One can hardly doubt that the position of Sornach Coir Finn was carefully chosen; evidently it had to be at a particular place on the slope above Loch Langass and a flat platform was prepared for it. Looking at Thom’s plan it seems that another line is clearly indicated by the plan of the stone ring itself; the diameter of the true circle which seems to mark the boundary with the flattened part was marked by eye on the plan in the book and then measured with a protractor; the angle was 117/297°. It has already been noted that Ruggles excluded such alignments from his survey a priori so could not discuss such a one here even if it was found.

A long alignment discovered
None of this was known to the author when he visited the site in August 2001; he had not briefed himself on any of the Neolithic sites in the Long Island before going on holiday, nor taken any relevant books. By chance the weather was fine and the air clear so he looked round the horizon in search of distant peaks to see whether there were any feasible long alignments. Most of the horizon is only a few miles away but there is one group of distant peaks in South Uist, visible to the south so clearly irrelevant as solar markers.

However in the south-east the landscape is particularly striking; the low hills Eaval and South Lee to its left stand out, framing a stretch of local low ground between them. In that gap showed faintly two much more distant flat-topped mountains which he was able to recognise, having spent a month excavating near them in 1965; they are MacLeod’s Tables on Skye — Healabhal Beag and (to its left) Healabhal Mhor, about 27 miles away. Just to the left of the latter, and showing even more dimly (almost vanishing before he left the site), was Glamaig, a conical peak also on Skye, just south-west of Raasay island and almost exactly 47 miles away.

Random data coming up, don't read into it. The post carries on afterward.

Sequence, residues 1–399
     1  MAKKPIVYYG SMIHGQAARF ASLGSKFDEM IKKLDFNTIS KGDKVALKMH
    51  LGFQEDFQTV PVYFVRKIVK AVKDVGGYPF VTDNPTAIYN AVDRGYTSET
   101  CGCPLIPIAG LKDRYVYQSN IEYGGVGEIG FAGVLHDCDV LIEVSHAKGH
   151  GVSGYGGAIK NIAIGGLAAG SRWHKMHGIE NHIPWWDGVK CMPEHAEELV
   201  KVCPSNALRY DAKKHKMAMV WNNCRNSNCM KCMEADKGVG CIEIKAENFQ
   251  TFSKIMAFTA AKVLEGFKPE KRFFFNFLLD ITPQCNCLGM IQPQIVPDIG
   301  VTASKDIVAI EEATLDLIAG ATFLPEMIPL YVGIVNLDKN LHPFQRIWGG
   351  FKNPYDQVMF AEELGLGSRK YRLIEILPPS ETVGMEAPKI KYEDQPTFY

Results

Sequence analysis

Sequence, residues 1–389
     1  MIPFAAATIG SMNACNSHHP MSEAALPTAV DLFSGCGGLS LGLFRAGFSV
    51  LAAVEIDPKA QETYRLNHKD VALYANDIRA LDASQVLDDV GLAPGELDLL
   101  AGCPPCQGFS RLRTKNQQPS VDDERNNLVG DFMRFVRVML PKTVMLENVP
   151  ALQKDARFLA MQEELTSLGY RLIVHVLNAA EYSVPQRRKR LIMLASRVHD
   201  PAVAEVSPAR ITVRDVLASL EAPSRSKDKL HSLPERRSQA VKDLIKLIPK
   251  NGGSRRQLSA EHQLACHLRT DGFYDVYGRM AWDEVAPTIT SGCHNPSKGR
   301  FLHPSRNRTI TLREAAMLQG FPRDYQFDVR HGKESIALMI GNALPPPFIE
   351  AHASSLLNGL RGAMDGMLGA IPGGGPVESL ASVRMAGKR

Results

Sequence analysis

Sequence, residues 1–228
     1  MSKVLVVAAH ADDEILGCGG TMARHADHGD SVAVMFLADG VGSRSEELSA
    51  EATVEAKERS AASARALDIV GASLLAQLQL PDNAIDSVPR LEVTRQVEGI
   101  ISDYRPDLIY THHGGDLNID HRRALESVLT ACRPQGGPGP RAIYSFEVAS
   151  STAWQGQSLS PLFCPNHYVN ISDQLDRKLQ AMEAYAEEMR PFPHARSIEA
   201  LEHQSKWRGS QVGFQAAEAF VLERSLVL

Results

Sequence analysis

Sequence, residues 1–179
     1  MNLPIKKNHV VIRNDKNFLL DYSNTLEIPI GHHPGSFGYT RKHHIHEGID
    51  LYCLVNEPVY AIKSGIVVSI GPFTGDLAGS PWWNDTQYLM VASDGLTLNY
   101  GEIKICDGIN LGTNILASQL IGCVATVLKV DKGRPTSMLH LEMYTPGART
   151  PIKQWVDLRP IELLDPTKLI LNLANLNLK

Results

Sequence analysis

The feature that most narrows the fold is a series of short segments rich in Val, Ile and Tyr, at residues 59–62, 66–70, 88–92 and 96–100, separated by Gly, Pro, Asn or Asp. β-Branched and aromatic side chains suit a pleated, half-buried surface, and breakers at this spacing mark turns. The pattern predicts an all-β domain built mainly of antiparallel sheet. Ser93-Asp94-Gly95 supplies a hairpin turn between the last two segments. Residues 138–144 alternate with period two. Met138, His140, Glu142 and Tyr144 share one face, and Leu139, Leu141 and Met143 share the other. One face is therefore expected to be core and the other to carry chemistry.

The azimuth from the stone circle to the top of Glamaig is very close to 122°. and it seems reasonable to suggest, first, that the diameter of the true circle which forms the boundary with the flattened part was actually aimed at this remote peak (so that it is a genuine indicated alignment) and that, second, the reason for digging out the platform for the circle at this point on the hillside was to keep the top of Glamaig in view, together with whatever other nearer horizon targets, if any, were being aimed at. From the OS map data the declination of the peak proved to be — 16.5 °. Thus when the Sun rises with its upper edge at the peak (Figure 2) its centre has a declination of — 16.7 – 16.8°., very suitable for marking in prehistoric times the first and last Quarter Days of the year, at the beginnings of February and November respectively.28

It has been suggested several times by the author and by others (MacKie 1997: 358) that these Neolithic solar calendar dates explain the origin of the much later Celtic feasts — Imbolc in the spring and Samhain in the autumn 29 — which divided the old Celtic year in half. They appear to be very prominently marked at Maeshowe itself (MacKie 1997: figure 5). The idea has been strongly opposed by Ruggles (Ruggles & Barclay 2000: 68–9) so the chance discovery of a very long potentially very accurate alignment to exactly the same dates is particularly interesting. If long alignments are figments of the author’s imagination what are the odds against finding such a precise and significant indicated example, by chance during a half-hour holiday visit to a randomly chosen stone circle?

Moreover if the argument offered earlier is correct — that Ruggles’ fieldwork has not disproved accurate long alignments, only suppressed them — then one could predict from the evidence from Sornach Coir Fhinn that more examples of clearly indicated Quarter Day alignments will be visible in his own data. This turns out to be the case, and the best examples are shown in Figure 1.